Where's the knoll? (no, not in Dallas)

Yesterday, I was out bicycling in an area I’ve never been to before. I went down to Newberg, Oregon and then went out of town going south on Oregon Highway 219. I stopped and turned around just after crossing the Willamette River, where there was a historical marker (click on that image to get a readable picture).

Anyway, as the sign says, just east of that spot was a trading post built on a knoll. So I looked around that sign and saw… flat farm land. No knoll. (Sorry I didn’t take a picture, but my phone doesn’t have a camera.) So where is it? I don’t think it’s the hills you see in the distance to the left of the sign. Those are the southern extent of the Chehalem Mountains and don’t exactly correspond to what I think of as a knoll.

“In geography, knoll is another term for hillock, a small, low, round natural hill or mound.” – Wikipedia.

Remember, the flatland in the that immediate area makes Nebraska look like rolling hills. Even if that knoll was only a foot or two higher it would be obvious in winter when everything around it is underwater.

For those interested, the street view is here. It’s a little tough to judge because the fish-eye lens distorts things a bit.

The trading post was probably close to bank of the Willamette, so it would have been a little distance off. Going straight east from that point, the river is almost two miles away. In the picture I linked above, in the distance directly between the sign and the bush to its left I can maybe see a rise that I’d describe as a knoll. But I might be imagining that.

Thanks for hunting down that streetview image, Trinopus. Yes, that might be it, it’s hard to say.

TroutMan is the hero, not me.

Nifty question. I was in Klamath Falls and never saw the waterfall either. There is some reason to believe there isn’t one…

There used to be falls, but they were covered up by a dam ~100 years ago. Now there are rapids that some people call falls. And it’s charitable to even call them rapids.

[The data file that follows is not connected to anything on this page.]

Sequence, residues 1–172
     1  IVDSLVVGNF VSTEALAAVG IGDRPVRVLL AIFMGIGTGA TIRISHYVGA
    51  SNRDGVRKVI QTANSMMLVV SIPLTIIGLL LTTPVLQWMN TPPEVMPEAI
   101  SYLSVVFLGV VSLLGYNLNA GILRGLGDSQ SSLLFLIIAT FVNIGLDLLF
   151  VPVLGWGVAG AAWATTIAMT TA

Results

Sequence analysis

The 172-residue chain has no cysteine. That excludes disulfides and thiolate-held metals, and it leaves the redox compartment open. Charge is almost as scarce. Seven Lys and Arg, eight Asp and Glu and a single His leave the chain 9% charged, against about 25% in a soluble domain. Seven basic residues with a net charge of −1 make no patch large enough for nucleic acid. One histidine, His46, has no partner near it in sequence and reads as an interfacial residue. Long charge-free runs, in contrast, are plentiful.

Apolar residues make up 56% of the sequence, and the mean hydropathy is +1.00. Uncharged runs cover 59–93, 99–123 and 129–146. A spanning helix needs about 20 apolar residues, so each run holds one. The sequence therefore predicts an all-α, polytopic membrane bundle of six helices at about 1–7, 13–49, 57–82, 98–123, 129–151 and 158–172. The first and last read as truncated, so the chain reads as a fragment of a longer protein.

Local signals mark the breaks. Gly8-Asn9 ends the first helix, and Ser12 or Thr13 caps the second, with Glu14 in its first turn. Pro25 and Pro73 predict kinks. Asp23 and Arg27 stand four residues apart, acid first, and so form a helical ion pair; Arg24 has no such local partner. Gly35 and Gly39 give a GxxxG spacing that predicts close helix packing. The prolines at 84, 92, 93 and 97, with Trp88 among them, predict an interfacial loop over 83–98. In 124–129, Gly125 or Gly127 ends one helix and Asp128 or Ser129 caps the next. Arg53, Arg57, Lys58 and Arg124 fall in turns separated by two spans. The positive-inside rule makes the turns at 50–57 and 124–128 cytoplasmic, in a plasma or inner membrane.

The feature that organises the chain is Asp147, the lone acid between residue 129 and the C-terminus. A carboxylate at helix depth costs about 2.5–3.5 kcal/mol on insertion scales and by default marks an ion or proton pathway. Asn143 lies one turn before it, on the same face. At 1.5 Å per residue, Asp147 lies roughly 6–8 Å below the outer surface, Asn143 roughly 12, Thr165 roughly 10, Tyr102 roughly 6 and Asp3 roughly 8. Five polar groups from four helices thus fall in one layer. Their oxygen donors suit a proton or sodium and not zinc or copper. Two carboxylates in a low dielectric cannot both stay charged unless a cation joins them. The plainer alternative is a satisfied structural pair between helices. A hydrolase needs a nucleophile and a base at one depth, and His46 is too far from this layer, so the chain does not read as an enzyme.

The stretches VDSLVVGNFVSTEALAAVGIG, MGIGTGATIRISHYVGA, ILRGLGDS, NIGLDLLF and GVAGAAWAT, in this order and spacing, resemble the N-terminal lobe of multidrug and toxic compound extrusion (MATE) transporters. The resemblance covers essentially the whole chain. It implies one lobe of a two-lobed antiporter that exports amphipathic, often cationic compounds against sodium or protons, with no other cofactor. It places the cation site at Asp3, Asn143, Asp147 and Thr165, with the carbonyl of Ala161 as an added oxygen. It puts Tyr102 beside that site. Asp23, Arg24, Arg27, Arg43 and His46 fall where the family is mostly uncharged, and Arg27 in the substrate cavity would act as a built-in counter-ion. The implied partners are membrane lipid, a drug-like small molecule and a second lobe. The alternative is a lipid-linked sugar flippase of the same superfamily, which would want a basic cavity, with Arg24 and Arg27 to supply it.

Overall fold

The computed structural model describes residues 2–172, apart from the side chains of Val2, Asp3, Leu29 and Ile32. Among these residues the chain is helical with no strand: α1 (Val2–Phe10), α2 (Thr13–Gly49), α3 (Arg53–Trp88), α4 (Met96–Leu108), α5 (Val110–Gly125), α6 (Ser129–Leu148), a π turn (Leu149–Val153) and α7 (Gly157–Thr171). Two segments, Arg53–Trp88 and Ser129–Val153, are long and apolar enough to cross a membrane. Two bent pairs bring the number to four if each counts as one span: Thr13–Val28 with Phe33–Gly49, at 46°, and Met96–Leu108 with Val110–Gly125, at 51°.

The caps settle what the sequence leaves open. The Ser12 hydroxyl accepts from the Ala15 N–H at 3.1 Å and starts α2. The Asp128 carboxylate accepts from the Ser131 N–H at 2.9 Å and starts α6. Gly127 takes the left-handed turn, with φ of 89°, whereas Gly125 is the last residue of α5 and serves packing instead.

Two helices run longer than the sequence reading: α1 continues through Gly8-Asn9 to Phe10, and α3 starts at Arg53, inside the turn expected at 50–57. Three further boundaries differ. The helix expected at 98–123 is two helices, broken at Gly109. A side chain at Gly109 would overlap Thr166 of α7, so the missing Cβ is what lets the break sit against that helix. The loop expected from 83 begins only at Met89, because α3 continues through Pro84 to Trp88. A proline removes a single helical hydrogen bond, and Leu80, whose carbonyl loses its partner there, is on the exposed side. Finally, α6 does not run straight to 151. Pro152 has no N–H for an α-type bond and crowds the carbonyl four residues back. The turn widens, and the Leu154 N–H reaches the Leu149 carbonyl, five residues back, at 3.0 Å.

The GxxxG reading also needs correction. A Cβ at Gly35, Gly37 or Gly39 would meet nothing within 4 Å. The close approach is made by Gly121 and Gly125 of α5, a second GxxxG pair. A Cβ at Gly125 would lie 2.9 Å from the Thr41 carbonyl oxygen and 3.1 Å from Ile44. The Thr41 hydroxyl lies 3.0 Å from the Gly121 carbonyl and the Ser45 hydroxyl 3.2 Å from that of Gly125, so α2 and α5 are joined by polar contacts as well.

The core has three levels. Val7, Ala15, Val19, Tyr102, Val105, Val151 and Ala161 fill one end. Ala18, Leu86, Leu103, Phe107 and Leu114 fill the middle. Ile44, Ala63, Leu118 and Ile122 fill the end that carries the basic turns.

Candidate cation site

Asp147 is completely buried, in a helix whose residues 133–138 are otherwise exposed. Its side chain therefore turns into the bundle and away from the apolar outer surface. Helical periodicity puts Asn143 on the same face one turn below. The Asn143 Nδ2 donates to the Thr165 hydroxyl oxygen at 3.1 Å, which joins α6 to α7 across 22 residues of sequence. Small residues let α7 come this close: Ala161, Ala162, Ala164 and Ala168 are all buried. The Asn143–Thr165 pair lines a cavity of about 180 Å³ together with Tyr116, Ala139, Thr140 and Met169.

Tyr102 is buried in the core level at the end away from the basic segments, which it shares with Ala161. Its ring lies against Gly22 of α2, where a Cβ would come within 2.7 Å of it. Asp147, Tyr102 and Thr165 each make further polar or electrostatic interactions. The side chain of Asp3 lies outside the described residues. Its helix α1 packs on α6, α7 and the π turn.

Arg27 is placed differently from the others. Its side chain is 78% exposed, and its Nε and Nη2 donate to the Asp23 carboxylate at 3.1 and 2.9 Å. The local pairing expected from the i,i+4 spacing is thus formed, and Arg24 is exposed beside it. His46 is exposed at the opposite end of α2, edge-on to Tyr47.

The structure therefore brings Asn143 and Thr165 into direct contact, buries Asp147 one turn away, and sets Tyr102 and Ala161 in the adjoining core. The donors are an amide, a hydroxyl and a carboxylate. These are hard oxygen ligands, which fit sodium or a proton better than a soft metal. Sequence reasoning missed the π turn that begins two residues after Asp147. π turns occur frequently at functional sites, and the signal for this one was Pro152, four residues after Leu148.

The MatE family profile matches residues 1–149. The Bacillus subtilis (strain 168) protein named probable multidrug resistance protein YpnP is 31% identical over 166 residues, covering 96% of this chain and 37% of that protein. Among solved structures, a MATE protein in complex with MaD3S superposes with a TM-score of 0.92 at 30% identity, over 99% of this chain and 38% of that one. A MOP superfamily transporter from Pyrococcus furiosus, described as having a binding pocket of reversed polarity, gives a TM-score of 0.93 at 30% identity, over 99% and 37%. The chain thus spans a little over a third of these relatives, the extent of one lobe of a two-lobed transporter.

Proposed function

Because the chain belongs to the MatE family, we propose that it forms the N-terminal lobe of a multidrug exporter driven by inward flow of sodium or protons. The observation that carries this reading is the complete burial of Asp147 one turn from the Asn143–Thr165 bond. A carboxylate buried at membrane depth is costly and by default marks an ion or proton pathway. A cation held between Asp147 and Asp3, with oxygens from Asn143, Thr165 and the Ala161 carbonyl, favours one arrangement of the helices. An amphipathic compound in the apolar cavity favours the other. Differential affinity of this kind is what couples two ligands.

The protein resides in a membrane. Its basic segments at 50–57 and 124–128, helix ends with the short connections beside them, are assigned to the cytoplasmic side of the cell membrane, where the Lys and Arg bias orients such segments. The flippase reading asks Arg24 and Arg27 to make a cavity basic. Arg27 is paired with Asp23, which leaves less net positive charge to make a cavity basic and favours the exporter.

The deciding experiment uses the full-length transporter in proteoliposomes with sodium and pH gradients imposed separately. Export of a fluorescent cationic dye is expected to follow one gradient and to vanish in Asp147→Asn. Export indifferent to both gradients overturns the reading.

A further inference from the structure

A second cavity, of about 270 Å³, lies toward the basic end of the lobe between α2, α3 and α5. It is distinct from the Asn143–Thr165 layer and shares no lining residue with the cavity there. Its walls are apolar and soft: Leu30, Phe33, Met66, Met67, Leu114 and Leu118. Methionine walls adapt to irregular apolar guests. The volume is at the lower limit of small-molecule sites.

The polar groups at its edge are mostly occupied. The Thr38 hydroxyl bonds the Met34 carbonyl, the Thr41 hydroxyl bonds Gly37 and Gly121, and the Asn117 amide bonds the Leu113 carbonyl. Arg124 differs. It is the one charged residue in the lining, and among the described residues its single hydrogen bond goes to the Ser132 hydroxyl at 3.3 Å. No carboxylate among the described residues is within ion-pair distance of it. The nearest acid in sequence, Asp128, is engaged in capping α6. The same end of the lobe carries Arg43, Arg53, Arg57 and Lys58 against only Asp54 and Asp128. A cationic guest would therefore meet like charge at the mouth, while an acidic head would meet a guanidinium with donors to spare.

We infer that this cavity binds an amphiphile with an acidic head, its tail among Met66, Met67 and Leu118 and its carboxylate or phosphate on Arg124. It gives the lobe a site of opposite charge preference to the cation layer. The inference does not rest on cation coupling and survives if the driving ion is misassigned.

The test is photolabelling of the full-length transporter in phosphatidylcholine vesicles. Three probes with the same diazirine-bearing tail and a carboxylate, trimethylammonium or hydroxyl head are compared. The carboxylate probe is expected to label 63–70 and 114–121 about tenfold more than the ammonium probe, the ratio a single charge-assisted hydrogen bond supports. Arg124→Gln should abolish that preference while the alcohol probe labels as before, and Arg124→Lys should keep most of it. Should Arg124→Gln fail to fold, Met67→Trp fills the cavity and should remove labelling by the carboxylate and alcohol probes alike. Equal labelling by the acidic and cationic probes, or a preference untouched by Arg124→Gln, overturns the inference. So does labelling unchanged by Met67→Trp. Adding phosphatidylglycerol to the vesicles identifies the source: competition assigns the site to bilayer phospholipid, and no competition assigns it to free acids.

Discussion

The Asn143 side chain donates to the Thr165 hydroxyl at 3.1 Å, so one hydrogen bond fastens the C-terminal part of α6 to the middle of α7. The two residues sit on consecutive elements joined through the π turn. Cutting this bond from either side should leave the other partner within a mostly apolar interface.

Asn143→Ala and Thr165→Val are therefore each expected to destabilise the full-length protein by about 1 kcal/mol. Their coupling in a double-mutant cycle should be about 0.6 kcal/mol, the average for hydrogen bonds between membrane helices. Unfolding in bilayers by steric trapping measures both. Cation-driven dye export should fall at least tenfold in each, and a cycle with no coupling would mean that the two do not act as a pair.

Oops, you’re right. Thank you TroutMan. Don’t know how I got you two mixed up.

Let’s just hope there’s no gnolls living on that knoll…

Zoom in between the bush on the left and the red and white stick. That blurry contraption is a center pivot irrigation boom. It sure looks like the first set of wheels is sitting a little higher than everything else. That’s all it takes to call it a knoll.

Is that all? I always thought a knoll had to be a bit more substantial.

Has it perhaps been graded flat?

It’s a shame you guys don’t have the Ordnance Survey. Even a 1" map would probably have enough contour lines to show a knoll.

That’s what I was thinking. If it’s farmland it has probably been flattened out.

According to the co-ordinates on Wikipedia it was right here.

Which is actually northwest of the marker, and again in the middle of a flat field.

Assuming it is actually to the east, it could be where this clump of trees is. They look a bit higher, on the Street View. https://www.google.com/maps/place/45°15’54.4"N+122°56’43.4"W/@45.2644428,-122.9283441,775m/data=!3m1!1e3!4m5!3m4!1s0x0:0x0!8m2!3d45.2651111!4d-122.9453889?hl=en

I sometimes wonder if standards were different back in the day. I got a tour of the Gettysburg battlefield once. The guide explained how the Union and Confederate troops were arrayed along Cemetery Ridge and Seminary Ridge, respectively. As I looked across the battlefield by first thought was “what ridges?”

:confused: “Gnoll”?

A D&D monster

Also as the sign says, the trading post was carried away by a flood.

The trees create knolls as the tree roots bind the river bank together and collect the sediments from the flood water and dust from the air, and biologicals from the decaying plant matter (and animals ? eg bird or bat poop ?)

But a flood can easily take away a knoll, especially if the trees are cleared to make the trading post…

Minor topographical feature aren’t likely to remain recognizable over the course of fifty years, much less 200. The spot that that knoll once stood might be on the other bank of the river at this point, be indistinguishable from the surrounding land, or even be a depression. Erosion is a powerful force given a little time.

Perhaps we’re confusing what is “scientifically correct” with what early 19th Century fur trappers thought was a cool name.

OK, maybe you’re right. I had the idea the knoll would be more than just a foot or two above the level of the plain. Something substantial that would survive for quite a long time.

The thing is, this area is obviously (at least today, and I would expect back then) a flood plain of the river. And the river flooded a lot more than it does today, since it was totally uncontrolled. They’d want to get the trading post as high above that plain as possible while still being within easy reach of the river. But I guess they couldn’t find anything higher.